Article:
FL Firefighters Move into State-of-the-Art, Portable Stations

Emilee Geist

Bay County, FL, Emergency Services SOUTHPORT, FL—Bay County officials recently replaced two fire stations destroyed by Hurricane Michael with the use of state-of-the-art technology. Firefighters moved into the new structures at Hiland Park and Southport during the summer. The low-cost, innovative and portable facilities so far have proven to be good […]

Bay County Southport Fire Station (fl)

Bay County, FL, Emergency Services

SOUTHPORT, FL—Bay County officials recently replaced two fire stations destroyed by Hurricane Michael with the use of state-of-the-art technology.

Firefighters moved into the new structures at Hiland Park and Southport during the summer. The low-cost, innovative and portable facilities so far have proven to be good investments, officials said.

According to Christopher Rohe, general contractor of the new fire station at Southport, the building took only 180 days to erect and at $1.5 million, it was one-third the cost of a traditional facility. The Hiland Park station cost about $1.3 million.

The 180 days include the awarding of the contract, design phase and construction of the fire station. 

Rohe is a retired Air Force veteran who has lived on the Emerald Coast since 2002. When Michael hit almost two years ago to the day, he wanted to implement his creed in life, which is to use transformative solutions for service members.

One of those novel ideas is Sprung Structures, a Utah-based company that specializes in tension fabric membrane structures aimed at providing durable, functional, rapid and economical solutions to construction problems.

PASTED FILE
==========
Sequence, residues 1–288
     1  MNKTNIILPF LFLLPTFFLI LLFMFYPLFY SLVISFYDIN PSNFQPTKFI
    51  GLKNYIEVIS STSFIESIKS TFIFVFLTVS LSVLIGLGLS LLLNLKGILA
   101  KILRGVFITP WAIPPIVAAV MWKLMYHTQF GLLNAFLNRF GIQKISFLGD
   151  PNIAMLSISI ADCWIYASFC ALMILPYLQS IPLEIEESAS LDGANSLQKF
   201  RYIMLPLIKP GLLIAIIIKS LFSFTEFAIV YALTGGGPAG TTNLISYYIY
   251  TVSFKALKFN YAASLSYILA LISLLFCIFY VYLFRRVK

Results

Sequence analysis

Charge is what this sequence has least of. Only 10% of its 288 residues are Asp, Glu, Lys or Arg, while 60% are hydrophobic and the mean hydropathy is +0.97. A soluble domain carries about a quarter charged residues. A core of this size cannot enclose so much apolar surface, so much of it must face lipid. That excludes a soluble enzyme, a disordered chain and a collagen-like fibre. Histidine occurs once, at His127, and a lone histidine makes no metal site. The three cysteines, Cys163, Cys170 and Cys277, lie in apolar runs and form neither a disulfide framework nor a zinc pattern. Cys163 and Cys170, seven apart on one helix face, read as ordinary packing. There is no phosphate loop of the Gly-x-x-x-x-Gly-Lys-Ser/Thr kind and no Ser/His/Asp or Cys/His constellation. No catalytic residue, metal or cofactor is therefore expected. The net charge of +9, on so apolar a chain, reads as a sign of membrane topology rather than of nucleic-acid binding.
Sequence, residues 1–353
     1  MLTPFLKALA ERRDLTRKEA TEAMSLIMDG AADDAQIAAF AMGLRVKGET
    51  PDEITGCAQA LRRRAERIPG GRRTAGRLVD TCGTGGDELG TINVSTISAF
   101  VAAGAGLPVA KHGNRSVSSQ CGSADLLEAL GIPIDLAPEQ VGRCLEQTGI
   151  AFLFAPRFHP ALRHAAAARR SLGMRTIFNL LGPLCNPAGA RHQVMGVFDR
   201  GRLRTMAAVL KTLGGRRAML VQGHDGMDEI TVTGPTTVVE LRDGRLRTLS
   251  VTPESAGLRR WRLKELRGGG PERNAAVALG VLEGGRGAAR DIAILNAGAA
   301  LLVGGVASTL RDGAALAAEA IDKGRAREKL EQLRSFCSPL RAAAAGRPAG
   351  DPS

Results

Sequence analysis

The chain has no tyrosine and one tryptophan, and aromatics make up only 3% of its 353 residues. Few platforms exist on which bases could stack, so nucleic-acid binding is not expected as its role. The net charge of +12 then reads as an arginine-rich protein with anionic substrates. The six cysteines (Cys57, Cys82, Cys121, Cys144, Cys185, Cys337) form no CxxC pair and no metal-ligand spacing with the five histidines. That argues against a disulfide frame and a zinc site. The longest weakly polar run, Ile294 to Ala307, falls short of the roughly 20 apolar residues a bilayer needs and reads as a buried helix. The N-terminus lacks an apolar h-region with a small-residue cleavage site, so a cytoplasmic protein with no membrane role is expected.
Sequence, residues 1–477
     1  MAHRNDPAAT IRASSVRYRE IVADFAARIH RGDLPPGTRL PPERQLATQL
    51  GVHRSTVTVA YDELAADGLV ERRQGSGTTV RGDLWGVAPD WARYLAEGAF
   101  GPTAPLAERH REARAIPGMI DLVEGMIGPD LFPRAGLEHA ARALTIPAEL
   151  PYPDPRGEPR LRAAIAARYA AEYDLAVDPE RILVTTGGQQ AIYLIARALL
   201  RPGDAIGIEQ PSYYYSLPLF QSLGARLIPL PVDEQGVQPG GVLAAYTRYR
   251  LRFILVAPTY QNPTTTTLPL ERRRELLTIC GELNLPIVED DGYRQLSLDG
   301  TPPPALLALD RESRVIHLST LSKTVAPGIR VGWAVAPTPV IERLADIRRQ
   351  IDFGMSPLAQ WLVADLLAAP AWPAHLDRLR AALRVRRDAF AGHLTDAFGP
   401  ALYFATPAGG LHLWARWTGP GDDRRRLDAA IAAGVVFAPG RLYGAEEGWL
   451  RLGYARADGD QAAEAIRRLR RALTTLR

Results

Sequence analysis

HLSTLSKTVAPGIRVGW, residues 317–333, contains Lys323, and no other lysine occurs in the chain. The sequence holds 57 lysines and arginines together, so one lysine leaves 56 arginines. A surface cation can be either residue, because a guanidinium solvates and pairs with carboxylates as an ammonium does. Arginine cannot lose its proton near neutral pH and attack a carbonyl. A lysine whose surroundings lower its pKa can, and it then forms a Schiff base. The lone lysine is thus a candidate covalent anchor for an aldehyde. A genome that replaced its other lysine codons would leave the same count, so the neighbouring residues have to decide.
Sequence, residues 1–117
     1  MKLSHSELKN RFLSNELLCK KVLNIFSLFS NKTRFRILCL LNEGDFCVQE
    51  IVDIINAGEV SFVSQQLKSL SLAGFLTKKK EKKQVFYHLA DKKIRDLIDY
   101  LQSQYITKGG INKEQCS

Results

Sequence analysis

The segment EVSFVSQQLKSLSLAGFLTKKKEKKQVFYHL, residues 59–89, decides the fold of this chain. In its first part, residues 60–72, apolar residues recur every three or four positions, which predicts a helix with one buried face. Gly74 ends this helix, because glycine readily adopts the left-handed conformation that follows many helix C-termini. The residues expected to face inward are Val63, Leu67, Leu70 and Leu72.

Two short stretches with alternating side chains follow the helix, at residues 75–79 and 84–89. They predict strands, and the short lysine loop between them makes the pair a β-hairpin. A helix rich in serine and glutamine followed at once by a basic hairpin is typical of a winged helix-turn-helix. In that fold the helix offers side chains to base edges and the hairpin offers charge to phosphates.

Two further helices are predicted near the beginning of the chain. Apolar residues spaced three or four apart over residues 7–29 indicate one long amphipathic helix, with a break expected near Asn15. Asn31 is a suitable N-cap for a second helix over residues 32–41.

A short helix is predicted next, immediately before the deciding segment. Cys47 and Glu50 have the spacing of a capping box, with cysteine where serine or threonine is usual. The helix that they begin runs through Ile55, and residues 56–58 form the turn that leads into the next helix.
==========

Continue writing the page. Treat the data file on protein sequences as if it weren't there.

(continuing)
“Construction is a pretty old industry and a lot of people don’t think you can have novel ideas like Sprung,” Rohe said. “When the hurricane hit, we were one of the first ones down, and we asked, ‘How can we help?'”

The technology has been embraced by such manufacturing giants as Elon Musk of Tesla and Jeff Bezos of Amazon. Sprung Structures has experience in building military hangars, drone facilities and other government contracts.

Rohe said the structures are built to Miami-Dade code compliance for hurricanes. The structures are similar to pop-up hospitals that have been built around the country during the COVID-19 pandemic.

“A lot of people want to say tent, this is not a tent. Sprung is in a different category because this is extremely resilient and extremely functional,” Rohe said. “We’re tied into the foundation and it’s a robust system.”

Bay County Emergency Services Deputy Chief Brad Monroe said he is excited for his firefighters having a new home after Hurricane Michael. He said the response times have been shorter since they’ve been back in.

Monroe said the previous Hiland Park station was an older building that needed to be replaced even before the hurricane. Monroe said he would like to see brick-and-mortar stations in the future, but he chose the portable stations because it could get firefighters back in quicker.

Monroe also said he was impressed with the living quarters outside of the stations.

“The living quarters, of course they’re modular buildings, but they’re quite nice,” Monroe said. “It was part of the proposal that was appealing too, so it worked out really good.”

Rohe said the living quarters can be transported easily.

The county plans to soon use the same technology to replace its fire station on Michigan Avenue, which also was destroyed by the hurricane.

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©2020 The News Herald (Panama City, Fla.)

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